Often medieval philosophy is presented in its Christian guise alone, giving the impression that the medieval philosophical tradition, influenced by the great thinkers of Greek antiquity, is exclusively a Latin tradition, with no substantive contribution by those who wrote in Arabic and Hebrew.  We shall revise this view. After a few weeks reading and discussing selections from Plato and Aristotle, our focus will turn to a select group of philosophers who lived between the 10th-12th centuries, a roughly three hundred-year period that is a high point in medieval Jewish and Islamic philosophy—a time before Greek philosophy was rediscovered in Christian Europe. Philosophers to be studied in some detail are Solomon ibn Gabirol, Al-Farabi, Ibn Rushd, and Maimonides, and in addressing topics in the philosophy of language, metaphysics, epistemology, cosmology, philosophical psychology, and especially in philosophy of law, ethics, and political philosophy, we will see how these philosophers adapted Greek philosophical insights for their own specific purposes​.

 

PHI 3932: Race, Justice, Resistance - Dr. Erinn Gilson                                                                       3

 

This course explores the ideas and theories underlying movements to end racial injustice. It considers how racism and racial injustices are perpetrated and perpetuated through laws and policies, political and economic structures and systems, ignorance and ideologies, and attitudes and beliefs, as well as major instances of racial injustice in the US today (such as mass incarceration, the school-to-prison pipeline, militarized policing, economic inequality, and voting rights). The focus, however, is ideas about transformation, liberation, and resistance to racial injustice: What various strategies and practices are used to seek change? What kinds of transformation are and should be sought? What would reparations for racial injustice involve? In what does liberation consist? What role do ideas and practices of solidarity, coalition, and intersectionality have in pursuing racial justice?

 

PHI4641: Business Ethics - Dr. Mitchell Haney

3

This course examines the theoretical foundations of business ethics as well as various ethical issues which arise on personal, corporate, national and global levels in the business world. The course will include: an examination of a philosophical context for business ethics; and exploration of relevant ethical and social-political theories; consideration and discussion of real-world business ethical issues. Readings and lectures will be complemented by class discussion and an ongoing focus on case studies.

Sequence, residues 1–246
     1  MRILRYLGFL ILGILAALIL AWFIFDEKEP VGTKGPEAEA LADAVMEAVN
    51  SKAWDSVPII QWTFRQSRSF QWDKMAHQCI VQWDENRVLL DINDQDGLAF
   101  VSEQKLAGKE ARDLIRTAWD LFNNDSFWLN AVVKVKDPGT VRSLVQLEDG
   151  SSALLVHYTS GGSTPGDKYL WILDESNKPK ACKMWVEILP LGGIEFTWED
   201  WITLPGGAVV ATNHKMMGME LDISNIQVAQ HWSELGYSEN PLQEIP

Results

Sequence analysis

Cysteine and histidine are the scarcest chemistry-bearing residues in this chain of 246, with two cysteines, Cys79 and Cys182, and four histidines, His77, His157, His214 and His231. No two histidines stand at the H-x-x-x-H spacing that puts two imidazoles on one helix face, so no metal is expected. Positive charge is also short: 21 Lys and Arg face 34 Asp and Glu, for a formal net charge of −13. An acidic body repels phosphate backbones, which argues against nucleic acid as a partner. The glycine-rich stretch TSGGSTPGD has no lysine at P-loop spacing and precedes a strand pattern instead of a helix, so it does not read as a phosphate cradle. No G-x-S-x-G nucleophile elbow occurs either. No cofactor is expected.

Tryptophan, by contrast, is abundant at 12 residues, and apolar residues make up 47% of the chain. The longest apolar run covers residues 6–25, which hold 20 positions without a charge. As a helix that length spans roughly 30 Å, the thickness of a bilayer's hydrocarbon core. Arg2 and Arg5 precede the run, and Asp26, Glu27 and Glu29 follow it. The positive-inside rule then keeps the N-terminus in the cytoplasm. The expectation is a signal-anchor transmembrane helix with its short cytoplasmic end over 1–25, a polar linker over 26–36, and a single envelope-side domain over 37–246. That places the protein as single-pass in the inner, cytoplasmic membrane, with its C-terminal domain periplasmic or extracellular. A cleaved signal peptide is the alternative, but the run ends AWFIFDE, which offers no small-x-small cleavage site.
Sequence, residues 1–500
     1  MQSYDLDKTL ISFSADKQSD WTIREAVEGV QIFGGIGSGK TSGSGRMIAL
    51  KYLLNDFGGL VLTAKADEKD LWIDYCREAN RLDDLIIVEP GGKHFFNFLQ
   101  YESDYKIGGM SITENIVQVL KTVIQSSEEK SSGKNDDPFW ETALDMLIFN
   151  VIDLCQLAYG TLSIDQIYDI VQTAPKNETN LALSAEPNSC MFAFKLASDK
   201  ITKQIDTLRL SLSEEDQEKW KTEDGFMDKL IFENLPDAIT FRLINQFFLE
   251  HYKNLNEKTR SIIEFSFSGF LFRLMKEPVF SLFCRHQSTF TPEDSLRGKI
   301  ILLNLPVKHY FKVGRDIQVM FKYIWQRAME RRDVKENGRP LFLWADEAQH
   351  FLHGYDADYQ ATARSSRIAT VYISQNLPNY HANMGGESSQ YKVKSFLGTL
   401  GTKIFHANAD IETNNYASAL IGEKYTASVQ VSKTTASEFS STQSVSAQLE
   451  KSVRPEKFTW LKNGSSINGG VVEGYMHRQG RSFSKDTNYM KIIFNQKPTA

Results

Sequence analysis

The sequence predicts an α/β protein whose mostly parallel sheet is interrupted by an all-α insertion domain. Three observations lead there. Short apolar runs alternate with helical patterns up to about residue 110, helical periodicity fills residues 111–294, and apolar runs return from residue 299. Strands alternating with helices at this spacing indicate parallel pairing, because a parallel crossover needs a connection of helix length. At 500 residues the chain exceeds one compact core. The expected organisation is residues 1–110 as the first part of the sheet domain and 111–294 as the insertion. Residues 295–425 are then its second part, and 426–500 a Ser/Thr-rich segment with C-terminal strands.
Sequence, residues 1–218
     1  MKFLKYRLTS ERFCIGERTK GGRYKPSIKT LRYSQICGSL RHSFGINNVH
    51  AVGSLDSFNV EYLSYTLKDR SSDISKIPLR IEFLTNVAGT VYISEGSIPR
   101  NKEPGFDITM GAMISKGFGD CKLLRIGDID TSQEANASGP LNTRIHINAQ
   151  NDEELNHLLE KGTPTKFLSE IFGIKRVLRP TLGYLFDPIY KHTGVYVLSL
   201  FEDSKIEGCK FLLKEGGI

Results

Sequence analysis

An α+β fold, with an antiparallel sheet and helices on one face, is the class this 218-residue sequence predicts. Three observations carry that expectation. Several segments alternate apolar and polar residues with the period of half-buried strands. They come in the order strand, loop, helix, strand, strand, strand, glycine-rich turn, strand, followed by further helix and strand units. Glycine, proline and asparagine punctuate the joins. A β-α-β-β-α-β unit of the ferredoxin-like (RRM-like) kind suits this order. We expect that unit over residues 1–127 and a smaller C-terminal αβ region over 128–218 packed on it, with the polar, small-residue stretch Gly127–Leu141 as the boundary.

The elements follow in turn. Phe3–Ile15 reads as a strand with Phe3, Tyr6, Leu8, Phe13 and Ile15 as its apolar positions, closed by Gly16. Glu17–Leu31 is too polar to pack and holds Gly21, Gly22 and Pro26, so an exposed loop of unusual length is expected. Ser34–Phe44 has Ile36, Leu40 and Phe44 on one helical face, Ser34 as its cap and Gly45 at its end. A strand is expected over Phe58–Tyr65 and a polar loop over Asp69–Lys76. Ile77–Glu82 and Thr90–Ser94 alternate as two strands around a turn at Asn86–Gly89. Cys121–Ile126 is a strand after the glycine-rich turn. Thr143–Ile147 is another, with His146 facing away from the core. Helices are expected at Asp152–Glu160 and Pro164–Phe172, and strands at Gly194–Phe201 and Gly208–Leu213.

PHI 4930/5934 Philosophy for Children - Dr. Aaron Creller                                                                3

Does philosophy begin in wonder? At what age does “reason” take hold? Are children capable of thinking philosophically? If so, what kind of benefit could it have to make philosophy part of an already cramped curriculum? This class is an introduction to the theoretical and practical dimensions of Philosophy for Children (P4C), also known as the “philosophers’ pedagogy.” In exploring the theoretical resources that structure P4C communities, students will engage with the work of figures such as John Dewey, Jean Piaget, Lawerence Kohlberg, Matthew Lipman, Amber Strong-Makaiau, and Tom Jackson. In addition, students will learn to operationalize concepts such as “intellectual safety,” “reflection,” and community-based inquiry through facilitating their own inquiries in and out of the classroom.

 

PHI 6769 Ethics, Religion & Global Discourse - Dr. Andrew Buchwalter 

This course examines critical themes at the intersection of religion and global politics. It will explore how particular constructions of “religion” and “religious freedom” authorizes national and international legal and governmental practice. These questions will be examined through a variety of contexts, with an emphasis on local communities’ relationship to national and international governing bodies. Topics will include religion and the rise of the nation-state; the politics of religious establishment and religious freedom; the formation of modern vocabularies of religious exclusion; and the role of religions in the neoliberal experience.

 

PHM3304: Political Philosophy - Dr. Hans Herbert Koegler

3

An examination of central concepts in political thought, including rights, laws, justice, liberty, obligation, political sovereignty, legitimate authority and the nature of political community. Emphasis is on classical theories and their relation to contemporary issues.

 

PHP3790: American Philosophy - Dr. Sarah Mattice

3

Pragmatism is perhaps the most enduring and respected of the distinctly American philosophies, but traditions of philosophy in the Americas is much broader. In this course, we will examine the writings of major pragmatists, both historical and contemporary, but also others doing philosophy in the Americas. We may study American Transcendentalism in Thoreau, Emerson, and Whitman, We may study American pragmatism in James, Peirce, Dewey, as well as contemporary pragmaticists. We may look to philosophical traditions in American Indian thought, as well as those writing from Latin American perspectives. For each philosopher, our task will be to understand both what the philosopher's views are and how those views relate to other philosophical positions. The goal is to arrive at a broad understanding of just what it means to be doing American Philosophy. 

 

PHH3500: Kant to Nietzsche - Dr. Andrew Buchwalter

3

Prerequisite:  One course in philosophy other than a foreign culture. An exploration of major philosophical developments which follow the French Revolution and culminate with the beginning of the 20th century. Special attention is given to the contemporary relevance of 19th century thought. Readings from Hegel, Marx, Kierkegaard, Schopenhauer, Dilthey and Nietzsche.